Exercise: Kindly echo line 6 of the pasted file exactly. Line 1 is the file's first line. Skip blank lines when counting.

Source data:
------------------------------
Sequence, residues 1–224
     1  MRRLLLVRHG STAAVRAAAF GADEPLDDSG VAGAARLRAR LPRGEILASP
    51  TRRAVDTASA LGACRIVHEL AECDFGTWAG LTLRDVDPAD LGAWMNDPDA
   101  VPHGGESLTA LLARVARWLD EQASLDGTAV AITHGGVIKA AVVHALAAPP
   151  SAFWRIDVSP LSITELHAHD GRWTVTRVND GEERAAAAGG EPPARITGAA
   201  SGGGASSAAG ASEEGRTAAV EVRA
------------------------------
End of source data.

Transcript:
   201  SGGGASSAAG ASEEGRTAAV EVRA